Collection of Blood From Patients With Cancer
This study will collect blood from patients with cancer to study the level of cells which decrease the immune response (suppressor cells) before and after chemotherapy. Patients 18 years of age and older with cancer may participate. This study does not involve treatment.
Participants will have about 50 ml (3 tablespoonfuls) of blood drawn. Depending on their condition, patients may be invited to enroll in a clinical research study involving chemotherapy, radiotherapy, or surgery. Additional 40-ml blood samples may be drawn during the course of treatment.
|Study Design:||Time Perspective: Prospective|
|Official Title:||Biospecimen Acquisition From Human Subjects|
- Analyze tissue, urine, saliva, and blood components, which include serum, leukocytes, and circulating tumor cells (cTC), of human subjects. [ Time Frame: On-going ] [ Designated as safety issue: No ]
- Undertake genetic analysis of both procariotic and eucariotic samples for advanced mutational analysis. [ Time Frame: On-going ] [ Designated as safety issue: No ]
- Analyze normal and/or tumor serum and tissue samples to identify mechanisms of drug related adverse events, and correlate these with treatment toxicity and clinical parameters. [ Time Frame: On-going ] [ Designated as safety issue: No ]
|Study Start Date:||April 2002|
- To date, the underlying mechanisms of tumor-specific immune suppression have not been well understood in cancer patients, nor has the effect of chemotherapy on these been well characterized.
- cTC analysis potentially provides valuable information regarding the genetic and molecular profile of tumors and may predict progression-free survival (PFS) and overall survival (OS) earlier than the standard evaluation techniques using radiological scans.
- Profiling of miRNA expression in serum exosomes from healthy controls an cancer patients might be a useful diagnostic test for early cancer detection with non-invasive methods.
- Microtubule-associated modifications are attractive biomarkers.
- Results suggest that urinary soluble Met may have utility as a bladder cancer marker for screening, treatment follow-up and clinical trial design.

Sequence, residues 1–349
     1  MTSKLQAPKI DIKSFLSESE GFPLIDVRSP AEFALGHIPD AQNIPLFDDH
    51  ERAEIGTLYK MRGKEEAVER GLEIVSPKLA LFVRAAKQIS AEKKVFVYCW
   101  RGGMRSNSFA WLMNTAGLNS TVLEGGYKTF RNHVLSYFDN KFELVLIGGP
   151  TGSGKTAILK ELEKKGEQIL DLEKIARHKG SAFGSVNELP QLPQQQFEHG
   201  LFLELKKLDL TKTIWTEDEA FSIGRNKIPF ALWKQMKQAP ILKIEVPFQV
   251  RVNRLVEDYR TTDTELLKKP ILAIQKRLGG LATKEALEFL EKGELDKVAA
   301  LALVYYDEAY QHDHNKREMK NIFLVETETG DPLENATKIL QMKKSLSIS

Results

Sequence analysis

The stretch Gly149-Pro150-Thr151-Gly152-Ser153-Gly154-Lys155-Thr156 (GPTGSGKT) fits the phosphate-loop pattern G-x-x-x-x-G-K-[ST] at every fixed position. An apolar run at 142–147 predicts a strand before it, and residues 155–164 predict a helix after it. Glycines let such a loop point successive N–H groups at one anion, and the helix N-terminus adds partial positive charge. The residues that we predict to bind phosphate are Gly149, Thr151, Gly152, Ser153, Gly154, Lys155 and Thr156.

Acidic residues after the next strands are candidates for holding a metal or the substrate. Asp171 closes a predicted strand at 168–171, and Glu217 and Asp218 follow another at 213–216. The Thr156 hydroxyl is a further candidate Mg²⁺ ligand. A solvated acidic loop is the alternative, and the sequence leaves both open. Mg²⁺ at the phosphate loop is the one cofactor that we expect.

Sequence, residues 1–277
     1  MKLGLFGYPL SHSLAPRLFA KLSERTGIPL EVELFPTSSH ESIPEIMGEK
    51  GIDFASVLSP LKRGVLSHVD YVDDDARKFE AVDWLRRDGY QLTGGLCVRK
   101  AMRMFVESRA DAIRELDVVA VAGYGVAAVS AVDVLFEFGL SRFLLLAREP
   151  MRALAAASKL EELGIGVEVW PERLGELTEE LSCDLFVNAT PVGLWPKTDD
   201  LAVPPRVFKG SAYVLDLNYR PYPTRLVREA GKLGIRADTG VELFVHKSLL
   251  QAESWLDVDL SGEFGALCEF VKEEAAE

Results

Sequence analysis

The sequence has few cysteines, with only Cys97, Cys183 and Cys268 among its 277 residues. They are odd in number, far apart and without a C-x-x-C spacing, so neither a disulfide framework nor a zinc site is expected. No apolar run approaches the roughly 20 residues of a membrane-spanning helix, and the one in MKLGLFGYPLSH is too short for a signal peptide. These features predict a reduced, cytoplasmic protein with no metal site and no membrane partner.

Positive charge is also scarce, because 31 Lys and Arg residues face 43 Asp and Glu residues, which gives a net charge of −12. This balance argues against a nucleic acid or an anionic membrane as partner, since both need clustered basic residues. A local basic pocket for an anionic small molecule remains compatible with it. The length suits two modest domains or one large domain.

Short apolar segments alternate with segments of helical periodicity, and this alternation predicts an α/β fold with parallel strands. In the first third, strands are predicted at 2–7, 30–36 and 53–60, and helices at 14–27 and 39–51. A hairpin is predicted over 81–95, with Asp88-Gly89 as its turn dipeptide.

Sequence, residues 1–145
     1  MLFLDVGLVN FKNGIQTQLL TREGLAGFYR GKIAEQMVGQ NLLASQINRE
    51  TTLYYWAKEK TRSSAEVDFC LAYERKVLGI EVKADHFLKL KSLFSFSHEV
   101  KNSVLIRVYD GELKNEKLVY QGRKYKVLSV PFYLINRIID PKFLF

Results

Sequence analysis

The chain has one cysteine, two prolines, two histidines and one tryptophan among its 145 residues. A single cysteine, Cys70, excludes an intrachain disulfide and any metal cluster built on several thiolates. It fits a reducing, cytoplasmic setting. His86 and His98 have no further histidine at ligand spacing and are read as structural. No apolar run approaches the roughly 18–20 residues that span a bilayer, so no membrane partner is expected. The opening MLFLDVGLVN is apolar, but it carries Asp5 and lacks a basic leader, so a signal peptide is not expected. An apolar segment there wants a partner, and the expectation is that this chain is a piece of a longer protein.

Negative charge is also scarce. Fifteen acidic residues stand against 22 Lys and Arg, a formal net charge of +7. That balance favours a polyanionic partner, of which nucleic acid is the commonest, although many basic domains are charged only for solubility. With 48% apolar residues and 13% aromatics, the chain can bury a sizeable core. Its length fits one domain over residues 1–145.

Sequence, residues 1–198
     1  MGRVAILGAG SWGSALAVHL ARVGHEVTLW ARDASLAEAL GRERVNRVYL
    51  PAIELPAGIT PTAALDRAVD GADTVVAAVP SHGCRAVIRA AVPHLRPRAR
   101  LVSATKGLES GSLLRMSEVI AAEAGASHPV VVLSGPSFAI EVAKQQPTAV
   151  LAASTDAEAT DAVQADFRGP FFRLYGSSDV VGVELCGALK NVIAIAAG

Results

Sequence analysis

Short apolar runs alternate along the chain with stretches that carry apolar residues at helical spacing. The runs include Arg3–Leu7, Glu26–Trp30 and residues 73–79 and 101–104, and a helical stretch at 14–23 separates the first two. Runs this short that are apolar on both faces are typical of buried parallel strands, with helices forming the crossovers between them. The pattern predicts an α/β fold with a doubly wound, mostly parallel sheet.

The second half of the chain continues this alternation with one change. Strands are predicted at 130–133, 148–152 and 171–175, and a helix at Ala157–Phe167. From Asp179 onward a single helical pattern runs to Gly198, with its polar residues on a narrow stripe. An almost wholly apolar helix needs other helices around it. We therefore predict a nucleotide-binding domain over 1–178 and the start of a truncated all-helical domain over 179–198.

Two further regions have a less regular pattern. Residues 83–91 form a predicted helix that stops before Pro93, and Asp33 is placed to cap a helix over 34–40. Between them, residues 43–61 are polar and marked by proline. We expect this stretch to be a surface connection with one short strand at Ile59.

- The role of commensal gut microbiota in both the innate and adaptive immune responses to tumors as well as with the use of anticancer agents is under study.
- Analyze biospecimens such as tissue, urine, saliva, stool and blood components, which include serum, leukocytes, peripheral blood mononuclear cells (PBMC), and circulating tumor cells (cTC), of human subjects.
- Analyze normal and/or tumor serum and tissue samples to identify mechanisms of drug related adverse events, and correlate these with treatment toxicity and clinical parameters.
- Undertake genetic analysis of both prokaryotic and eucaryotic samples for advanced mutational analysis.
- Patients whose biospecimens are of interest to NIH investigators.
- 18 year of age or older.
Patient cases will be evaluated at NCI or Interventional Radiology, NIH Clinical Center. Blood, tissue, urine, saliva or other samples may be collected at the initial visit and at follow-up visits.
Please refer to this study by its ClinicalTrials.gov identifier: NCT00034216
|Contact: Sheri A McMahon, R.N.||(301) email@example.com|
|Contact: James L Gulley, M.D.||(301) firstname.lastname@example.org|
|United States, Maryland|
|National Institutes of Health Clinical Center, 9000 Rockville Pike||Recruiting|
|Bethesda, Maryland, United States, 20892|
|Contact: For more information at the NIH Clinical Center contact National Cancer Institute Referral Office (888) NCI-1937|
|Principal Investigator:||James L Gulley, M.D.||National Cancer Institute (NCI)|